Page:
An unusual 1792 pattern half disme will be offered at Heritage’s March 3 to 6 American Numismatic Association National Money Show auction in Dallas.
The issue was the first struck under the Mint Act of 1792 under the approval of President George Washington. Washington mentioned the production of the coins in his Nov. 6, 1792, State of the Union Address and while the mintage was intended to be a circulating issue, 1792 half dismes are often considered patterns.
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Notes the Heritage catalog: “The coins were actually struck in the cellar facility of Philadelphia sawmaker John Harper because the First United States Mint was not ready for operations in its own building at that time. On the 13th, Jefferson recorded the following statement in his personal account book, ‘Recd. from the mint 1,500 half dismes of the new coinage.’ “
Heritage’s auction catalog cites researcher Pete Smith (who, along with Len Augsburger and Joel Orosz, is working on a book on the coins of 1792) as identifying the coin in the ANA sale as decades earlier being sold as lot 300 of the Commodore Eaton Collection. When the collection was sold by Henry Chapman in May 1929, this 1792 half disme was described as follows: “Good but obverse has three blisters, one before head, one on cheek and behind it. Otherwise good.” The distinctive description and the coin’s unique look allowed Smith to match the 1929 catalog entry to this specific coin.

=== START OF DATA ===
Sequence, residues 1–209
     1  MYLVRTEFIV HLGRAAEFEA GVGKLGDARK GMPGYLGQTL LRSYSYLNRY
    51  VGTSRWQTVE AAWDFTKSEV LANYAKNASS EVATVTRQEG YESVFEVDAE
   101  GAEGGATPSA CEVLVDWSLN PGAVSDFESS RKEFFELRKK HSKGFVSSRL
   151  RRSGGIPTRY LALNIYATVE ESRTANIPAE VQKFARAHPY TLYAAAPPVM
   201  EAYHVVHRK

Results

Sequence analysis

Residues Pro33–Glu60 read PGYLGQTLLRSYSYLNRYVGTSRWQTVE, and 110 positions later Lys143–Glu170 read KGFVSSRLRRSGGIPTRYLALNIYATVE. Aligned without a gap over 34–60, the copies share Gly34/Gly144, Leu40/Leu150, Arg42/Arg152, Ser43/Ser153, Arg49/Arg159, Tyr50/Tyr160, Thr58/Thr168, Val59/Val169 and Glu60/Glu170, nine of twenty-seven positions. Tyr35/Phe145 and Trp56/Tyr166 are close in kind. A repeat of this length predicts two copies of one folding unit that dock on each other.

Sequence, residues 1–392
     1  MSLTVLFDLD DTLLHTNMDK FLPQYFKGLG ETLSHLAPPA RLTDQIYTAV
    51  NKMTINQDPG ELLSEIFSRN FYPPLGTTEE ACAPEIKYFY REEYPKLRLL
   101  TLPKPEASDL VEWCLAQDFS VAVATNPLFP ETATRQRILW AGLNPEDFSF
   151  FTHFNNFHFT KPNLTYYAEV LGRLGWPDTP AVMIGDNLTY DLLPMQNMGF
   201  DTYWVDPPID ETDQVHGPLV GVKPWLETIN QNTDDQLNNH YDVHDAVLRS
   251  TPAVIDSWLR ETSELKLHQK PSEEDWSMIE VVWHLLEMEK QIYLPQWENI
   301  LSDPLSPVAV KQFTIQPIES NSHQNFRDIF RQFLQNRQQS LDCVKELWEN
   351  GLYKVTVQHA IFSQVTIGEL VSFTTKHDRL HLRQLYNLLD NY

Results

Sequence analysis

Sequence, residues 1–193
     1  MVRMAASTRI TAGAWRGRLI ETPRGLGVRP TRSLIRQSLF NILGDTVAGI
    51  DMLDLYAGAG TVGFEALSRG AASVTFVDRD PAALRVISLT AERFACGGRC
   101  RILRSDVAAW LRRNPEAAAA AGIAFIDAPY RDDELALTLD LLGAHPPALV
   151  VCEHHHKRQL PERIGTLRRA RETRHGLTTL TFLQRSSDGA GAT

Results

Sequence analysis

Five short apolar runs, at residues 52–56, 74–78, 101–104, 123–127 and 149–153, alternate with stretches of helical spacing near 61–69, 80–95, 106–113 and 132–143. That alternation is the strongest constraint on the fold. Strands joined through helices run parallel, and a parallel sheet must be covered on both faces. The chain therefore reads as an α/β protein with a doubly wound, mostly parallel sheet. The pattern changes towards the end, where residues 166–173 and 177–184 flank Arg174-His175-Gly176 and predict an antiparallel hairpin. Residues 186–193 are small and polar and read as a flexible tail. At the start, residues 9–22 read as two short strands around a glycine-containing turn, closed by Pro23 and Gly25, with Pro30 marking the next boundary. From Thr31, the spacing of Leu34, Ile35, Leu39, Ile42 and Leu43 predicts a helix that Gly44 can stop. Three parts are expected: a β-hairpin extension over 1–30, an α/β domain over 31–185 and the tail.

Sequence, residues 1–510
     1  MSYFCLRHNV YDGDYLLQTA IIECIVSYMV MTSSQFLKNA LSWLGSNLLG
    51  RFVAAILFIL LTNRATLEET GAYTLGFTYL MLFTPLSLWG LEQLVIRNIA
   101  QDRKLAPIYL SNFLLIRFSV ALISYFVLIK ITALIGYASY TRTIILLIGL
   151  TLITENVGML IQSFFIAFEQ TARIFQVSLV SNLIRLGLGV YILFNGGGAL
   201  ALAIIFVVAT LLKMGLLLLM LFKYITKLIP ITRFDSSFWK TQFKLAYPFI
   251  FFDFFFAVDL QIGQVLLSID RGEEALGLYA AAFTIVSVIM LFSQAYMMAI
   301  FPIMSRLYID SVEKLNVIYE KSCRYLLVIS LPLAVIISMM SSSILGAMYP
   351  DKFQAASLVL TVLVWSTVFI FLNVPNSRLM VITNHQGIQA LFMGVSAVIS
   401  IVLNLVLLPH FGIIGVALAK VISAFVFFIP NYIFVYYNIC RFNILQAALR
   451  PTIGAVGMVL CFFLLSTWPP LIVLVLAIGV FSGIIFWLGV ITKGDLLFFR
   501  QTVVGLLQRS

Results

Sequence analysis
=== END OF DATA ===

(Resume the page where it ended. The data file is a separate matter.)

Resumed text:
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Today these “blisters” are referred to as laminations, a planchet error that it the result of an improperly prepared planchet.
It is graded Very Fine 25 by Professional Coin Grading Service, which records on the holder that it is a “Laminated Planchet Obv. Mint Error.”
As Heritage notes, “This coin possesses unparalleled historic interest and an overall attractive presentation, despite the noted surface flaws.” Heritage records the coin’s last sale as the Steve Ivy Numismatic Auctions 1982 Summer ANA convention, where it realized $1,900.
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